Nobody is born a saint, but we all have the power to be saintly in our words and works. In the bulletin “Message from Fr. Tony,” he thoughtfully stated, “The simple but reassuring fact is that nobody was born a saint. It’s something we have to strive to become… All Saints Day calls us to something beautiful. It reminds us of our great potential – the promise that lies within each of us. The promise of holiness.”

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Quarantine Your Judgements

We are all familiar with the “If you can’t say something nice…” adage, but how often to we put effort into leaving our lousy thoughts out of what we say?

Last week I was angry. Angry at someone I care a great deal about. Angry at the choices they had been making. Those choices felt unfairly selfish to me. When I voiced my anger to my friend Emily, she helped put things into perspective. Emily reminded me that the person I was mad at wasn’t necessarily being selfish; they were being human. Each decision they made was done so because they thought it was the appropriate choice for them.

Of course, Emily was right and I needed to quit being so judgmental.

This week, as I was taking a drive with my friend Chelsea, she was lamenting the overly critical nature of one of her family members. The nature of their hypercritical haptics was exhausting her. We came up with the brilliant idea that people should quarantine their fault finding fascination. The quarantine of unfair judgment and social criticism would be a great way to cure the world with kindness and understanding.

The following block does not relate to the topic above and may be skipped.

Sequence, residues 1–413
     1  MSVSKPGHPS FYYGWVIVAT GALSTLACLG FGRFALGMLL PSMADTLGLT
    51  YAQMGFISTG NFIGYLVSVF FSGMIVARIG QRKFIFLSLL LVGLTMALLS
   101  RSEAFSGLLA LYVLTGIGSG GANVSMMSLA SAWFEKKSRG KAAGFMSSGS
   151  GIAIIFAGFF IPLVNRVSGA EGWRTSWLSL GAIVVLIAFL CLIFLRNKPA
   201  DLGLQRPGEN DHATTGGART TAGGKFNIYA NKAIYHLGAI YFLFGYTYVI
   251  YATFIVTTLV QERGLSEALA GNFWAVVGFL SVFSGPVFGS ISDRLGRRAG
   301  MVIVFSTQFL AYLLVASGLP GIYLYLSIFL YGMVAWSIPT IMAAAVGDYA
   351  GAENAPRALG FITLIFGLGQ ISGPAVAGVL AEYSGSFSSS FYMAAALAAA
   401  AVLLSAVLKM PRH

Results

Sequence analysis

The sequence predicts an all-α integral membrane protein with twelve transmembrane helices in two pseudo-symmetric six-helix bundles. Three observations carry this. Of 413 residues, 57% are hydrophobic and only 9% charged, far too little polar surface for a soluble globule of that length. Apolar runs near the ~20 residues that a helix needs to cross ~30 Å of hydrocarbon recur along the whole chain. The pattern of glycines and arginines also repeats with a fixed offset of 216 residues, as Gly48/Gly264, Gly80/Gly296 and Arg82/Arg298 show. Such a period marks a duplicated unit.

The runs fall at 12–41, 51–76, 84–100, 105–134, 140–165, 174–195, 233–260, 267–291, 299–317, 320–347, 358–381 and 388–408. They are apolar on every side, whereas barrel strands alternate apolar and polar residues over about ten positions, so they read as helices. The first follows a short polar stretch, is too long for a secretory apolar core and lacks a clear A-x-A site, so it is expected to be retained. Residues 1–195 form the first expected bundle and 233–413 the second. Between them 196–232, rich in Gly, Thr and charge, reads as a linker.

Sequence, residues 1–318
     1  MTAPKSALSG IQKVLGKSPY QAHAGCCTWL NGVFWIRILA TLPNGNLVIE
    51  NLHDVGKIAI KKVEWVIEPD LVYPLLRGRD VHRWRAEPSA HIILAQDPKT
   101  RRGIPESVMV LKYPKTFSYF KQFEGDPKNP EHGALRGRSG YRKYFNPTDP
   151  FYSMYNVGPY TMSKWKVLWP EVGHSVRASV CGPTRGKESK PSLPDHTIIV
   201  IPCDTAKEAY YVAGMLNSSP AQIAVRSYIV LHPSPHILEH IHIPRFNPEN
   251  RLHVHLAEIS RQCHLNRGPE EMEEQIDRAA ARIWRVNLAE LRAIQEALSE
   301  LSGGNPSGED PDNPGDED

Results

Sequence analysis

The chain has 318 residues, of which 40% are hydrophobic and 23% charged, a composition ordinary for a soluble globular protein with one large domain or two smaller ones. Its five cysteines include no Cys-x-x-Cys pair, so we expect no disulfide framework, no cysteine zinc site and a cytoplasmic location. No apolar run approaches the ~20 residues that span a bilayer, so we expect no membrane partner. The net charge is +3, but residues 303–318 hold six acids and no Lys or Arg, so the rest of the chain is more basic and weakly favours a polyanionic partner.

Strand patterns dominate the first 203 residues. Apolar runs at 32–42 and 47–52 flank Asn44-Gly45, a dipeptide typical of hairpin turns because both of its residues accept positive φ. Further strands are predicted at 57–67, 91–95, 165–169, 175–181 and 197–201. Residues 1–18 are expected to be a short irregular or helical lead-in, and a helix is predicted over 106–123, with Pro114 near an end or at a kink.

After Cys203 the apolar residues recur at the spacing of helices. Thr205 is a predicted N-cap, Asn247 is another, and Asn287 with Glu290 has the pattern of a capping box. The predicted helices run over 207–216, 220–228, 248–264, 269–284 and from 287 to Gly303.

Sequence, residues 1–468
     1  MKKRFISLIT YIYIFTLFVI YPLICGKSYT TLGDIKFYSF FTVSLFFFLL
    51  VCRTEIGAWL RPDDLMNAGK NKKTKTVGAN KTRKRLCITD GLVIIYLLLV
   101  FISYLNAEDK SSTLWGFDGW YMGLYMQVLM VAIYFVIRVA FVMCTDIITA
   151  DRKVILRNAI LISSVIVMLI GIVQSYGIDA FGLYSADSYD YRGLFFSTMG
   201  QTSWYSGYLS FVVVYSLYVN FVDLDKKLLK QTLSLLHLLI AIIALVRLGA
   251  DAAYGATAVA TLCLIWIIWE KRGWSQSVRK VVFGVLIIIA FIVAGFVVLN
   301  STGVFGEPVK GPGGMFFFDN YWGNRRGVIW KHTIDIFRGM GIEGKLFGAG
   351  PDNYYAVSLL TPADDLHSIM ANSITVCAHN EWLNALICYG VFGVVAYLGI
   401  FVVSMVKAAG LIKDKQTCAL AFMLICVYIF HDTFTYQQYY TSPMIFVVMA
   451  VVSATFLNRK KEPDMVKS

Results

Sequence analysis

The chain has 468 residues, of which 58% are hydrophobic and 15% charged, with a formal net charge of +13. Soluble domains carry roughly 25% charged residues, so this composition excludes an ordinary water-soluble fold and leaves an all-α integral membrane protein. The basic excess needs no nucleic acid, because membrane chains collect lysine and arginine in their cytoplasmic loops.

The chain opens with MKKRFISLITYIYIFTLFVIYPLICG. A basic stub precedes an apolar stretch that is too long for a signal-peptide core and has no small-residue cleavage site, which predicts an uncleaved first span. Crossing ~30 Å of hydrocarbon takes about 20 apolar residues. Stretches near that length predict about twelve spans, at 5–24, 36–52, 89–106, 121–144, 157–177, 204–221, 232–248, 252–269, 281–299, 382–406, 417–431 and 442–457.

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An Emotional House Plant – Wise Words Wednesday

Remember.

You need water.

You need sunlight.

You’re basically a houseplant with more complicated emotions.

We do! We need water. We need sunlight. We are definitely emotional!

While we all have our basic needs, fulfilling those needs is often impacted by our ability or inability to take-in the required air, water, sun, exercise, and nutrition. Similarly, if we do not allow for positive encounters in our day or uplifting words in our speech, it’s really hard to squeeze them in later. After the sun goes down, you can’t exactly be like, “Hey, sun, could you come out and shine for just a bit? I missed you earlier.”

It doesn’t work that way.

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Build a Door – Wise Words Wednesday

Photo by cottonbro on Pexels.com

“If opportunity doesn’t knock, build a door.”

Have you ever built a fort or a playhouse out of a cardboard box?

Well, I have.

I have some pretty extensive cardboard construction experience from my own childhood and as I take part in the imaginary creations of my own kiddos. Anybody who has ever built a refrigerator box hideout will tell you that the secret to its success is in the door.